This morning I let Galway Kinnell's reading of the Duino Elegies pour through me. I didn't try to hold them. I just let the river of words sweep me into the great sea of collective unconscious, mortality, death, and longing. I am shaken. It was as if Rilke returned from the dead to speak to my heart, hijacking Kinnell's voice.
How does he do that?
How does he use language to lull me into some almost hypnotic trance only to choose a word or phrase, a line that arrows its way to strike a bulls-eye in the hollow of my throat. It leaves me gasping, drowning in my own heartache.
Rilke. He undoes me. I need to write about butterflies and puppy dogs if I'm going to be able to breathe again.
Poetry as Prayer, Poetry as Curse
"prayer is always aware the darkness is close at hand." and "There is a thin line between poetry as prayer and poetry as curse." -Hadara Bar-Nadav
Words are a way to solidify intention -Tara Betts
Meanness never makes sustaining art -Matthew Dickman
The talks and the readings are only part of the magic at Dodge. The people you meet, talk with, discover as family are another.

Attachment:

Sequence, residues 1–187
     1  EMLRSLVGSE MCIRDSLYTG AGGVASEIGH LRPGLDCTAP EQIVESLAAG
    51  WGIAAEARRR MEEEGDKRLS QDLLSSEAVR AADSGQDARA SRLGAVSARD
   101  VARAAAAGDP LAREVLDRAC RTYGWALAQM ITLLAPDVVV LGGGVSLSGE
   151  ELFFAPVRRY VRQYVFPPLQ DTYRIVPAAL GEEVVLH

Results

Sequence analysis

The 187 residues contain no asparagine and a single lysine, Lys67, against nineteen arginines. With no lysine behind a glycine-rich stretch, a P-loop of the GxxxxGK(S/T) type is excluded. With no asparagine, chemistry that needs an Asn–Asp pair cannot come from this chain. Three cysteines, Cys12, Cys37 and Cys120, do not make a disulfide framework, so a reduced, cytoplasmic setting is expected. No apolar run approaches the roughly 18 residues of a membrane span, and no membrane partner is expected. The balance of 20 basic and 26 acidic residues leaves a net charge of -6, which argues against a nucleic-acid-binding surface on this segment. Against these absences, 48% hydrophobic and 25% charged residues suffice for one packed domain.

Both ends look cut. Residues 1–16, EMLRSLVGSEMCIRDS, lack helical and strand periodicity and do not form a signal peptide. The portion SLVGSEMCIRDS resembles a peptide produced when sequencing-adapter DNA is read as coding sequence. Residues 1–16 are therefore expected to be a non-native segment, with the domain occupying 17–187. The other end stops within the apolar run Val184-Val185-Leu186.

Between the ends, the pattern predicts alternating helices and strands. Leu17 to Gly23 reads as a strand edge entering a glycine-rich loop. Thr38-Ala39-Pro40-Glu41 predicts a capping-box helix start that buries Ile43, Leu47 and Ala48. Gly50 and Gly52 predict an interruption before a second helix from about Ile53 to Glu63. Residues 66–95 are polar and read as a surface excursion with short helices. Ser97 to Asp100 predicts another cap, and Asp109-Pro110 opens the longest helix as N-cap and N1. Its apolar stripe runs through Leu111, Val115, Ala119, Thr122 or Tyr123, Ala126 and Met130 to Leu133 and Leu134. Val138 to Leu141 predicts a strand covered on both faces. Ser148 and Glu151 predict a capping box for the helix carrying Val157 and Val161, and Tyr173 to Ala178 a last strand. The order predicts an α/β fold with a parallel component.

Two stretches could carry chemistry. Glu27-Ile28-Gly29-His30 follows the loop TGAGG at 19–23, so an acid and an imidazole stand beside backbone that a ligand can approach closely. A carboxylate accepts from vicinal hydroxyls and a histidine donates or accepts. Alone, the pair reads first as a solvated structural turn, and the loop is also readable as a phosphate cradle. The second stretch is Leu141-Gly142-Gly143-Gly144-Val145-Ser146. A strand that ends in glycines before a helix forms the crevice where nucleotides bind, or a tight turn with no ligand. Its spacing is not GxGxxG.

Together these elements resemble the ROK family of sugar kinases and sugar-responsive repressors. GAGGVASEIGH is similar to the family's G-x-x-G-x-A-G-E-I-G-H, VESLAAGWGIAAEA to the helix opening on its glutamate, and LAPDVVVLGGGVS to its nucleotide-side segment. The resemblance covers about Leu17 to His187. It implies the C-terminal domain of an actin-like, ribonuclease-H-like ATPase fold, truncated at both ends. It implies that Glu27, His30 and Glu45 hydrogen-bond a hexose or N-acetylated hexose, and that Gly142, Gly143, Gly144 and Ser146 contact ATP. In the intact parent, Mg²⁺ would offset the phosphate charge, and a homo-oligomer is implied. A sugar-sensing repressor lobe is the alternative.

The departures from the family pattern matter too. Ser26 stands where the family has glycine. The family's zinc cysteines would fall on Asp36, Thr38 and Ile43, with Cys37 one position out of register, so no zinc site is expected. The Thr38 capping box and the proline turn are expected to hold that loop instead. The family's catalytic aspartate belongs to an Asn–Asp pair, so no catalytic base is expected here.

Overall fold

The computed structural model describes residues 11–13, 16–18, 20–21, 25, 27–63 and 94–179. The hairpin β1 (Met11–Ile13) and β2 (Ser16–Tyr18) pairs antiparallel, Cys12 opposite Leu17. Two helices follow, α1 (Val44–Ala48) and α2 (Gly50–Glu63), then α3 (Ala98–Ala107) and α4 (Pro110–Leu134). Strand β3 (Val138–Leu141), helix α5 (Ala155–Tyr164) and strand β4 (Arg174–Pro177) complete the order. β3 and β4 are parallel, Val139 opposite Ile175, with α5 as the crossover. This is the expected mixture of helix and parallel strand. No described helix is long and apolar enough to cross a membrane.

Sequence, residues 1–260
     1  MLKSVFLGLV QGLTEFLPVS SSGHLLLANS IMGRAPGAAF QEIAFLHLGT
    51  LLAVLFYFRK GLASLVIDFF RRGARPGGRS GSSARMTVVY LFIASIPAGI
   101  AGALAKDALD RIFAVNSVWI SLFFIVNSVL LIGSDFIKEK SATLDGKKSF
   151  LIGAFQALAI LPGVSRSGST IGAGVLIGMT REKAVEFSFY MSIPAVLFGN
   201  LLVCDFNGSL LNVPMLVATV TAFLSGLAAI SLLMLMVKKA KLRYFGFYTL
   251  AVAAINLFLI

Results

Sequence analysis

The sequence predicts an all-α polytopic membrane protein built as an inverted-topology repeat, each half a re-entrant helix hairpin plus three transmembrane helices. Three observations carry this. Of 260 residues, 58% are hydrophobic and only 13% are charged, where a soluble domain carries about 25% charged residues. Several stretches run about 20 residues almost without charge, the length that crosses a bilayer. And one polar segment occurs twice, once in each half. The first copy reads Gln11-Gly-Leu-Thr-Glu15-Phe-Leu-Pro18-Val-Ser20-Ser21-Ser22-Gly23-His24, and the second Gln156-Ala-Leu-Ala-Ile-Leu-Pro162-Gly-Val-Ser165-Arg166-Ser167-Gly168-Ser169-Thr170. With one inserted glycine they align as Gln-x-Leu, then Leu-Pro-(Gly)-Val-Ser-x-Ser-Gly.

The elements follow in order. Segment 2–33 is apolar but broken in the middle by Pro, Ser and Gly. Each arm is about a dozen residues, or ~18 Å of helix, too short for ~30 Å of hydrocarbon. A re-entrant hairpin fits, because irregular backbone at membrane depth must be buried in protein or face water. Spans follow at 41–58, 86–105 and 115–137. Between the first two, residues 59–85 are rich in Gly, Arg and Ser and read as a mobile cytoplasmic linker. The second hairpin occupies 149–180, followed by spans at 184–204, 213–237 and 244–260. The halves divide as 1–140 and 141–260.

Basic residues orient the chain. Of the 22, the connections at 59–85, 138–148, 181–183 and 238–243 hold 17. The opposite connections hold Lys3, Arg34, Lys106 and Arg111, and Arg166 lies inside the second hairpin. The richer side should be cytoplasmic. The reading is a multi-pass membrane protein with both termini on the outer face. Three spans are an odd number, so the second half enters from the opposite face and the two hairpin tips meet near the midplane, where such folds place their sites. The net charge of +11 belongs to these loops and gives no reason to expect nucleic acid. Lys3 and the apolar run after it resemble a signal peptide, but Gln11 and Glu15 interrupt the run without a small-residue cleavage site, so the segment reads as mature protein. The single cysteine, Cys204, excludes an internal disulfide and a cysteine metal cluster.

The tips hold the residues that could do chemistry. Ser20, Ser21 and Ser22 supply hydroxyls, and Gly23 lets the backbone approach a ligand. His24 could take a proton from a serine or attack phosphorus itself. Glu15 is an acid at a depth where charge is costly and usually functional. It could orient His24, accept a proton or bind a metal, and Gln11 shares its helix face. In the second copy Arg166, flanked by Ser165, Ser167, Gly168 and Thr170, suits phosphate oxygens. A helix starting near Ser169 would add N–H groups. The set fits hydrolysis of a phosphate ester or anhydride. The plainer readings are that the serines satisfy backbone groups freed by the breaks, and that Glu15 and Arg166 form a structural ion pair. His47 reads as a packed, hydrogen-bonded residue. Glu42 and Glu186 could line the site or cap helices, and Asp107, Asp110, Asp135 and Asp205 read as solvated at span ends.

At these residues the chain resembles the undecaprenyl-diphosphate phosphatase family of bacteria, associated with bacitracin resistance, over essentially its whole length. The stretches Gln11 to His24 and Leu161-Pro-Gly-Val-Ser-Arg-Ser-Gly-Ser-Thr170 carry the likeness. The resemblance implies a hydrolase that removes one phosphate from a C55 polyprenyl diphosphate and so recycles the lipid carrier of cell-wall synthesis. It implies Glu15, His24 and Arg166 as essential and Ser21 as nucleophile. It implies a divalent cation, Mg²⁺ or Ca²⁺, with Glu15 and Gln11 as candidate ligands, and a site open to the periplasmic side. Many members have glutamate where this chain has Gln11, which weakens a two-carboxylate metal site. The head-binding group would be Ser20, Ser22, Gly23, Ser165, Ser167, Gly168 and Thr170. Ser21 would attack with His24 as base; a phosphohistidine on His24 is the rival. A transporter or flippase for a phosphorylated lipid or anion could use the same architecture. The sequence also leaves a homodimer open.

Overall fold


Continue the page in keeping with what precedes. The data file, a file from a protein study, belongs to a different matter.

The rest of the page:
Tonight I met a long-lost-never-met-before friend. (Hi Diana!) She joined my friend Sue and I for dinner and we had such a wonderful evening of conversation, laughter, and sharing that none of us noticed we took the shuttle outbound instead of inbound to the Performing Arts Center and ended up late to the evening readings as a result.
It didn't matter. The long, rambling, full of laughter conversation was just right. Balm for the mortal heart, calm for an overflowing mind.
Tomorrow this diaspora will close down its tents, pack its bags, and leave town, words scattered in its wake. And it will be a long two years until it comes again.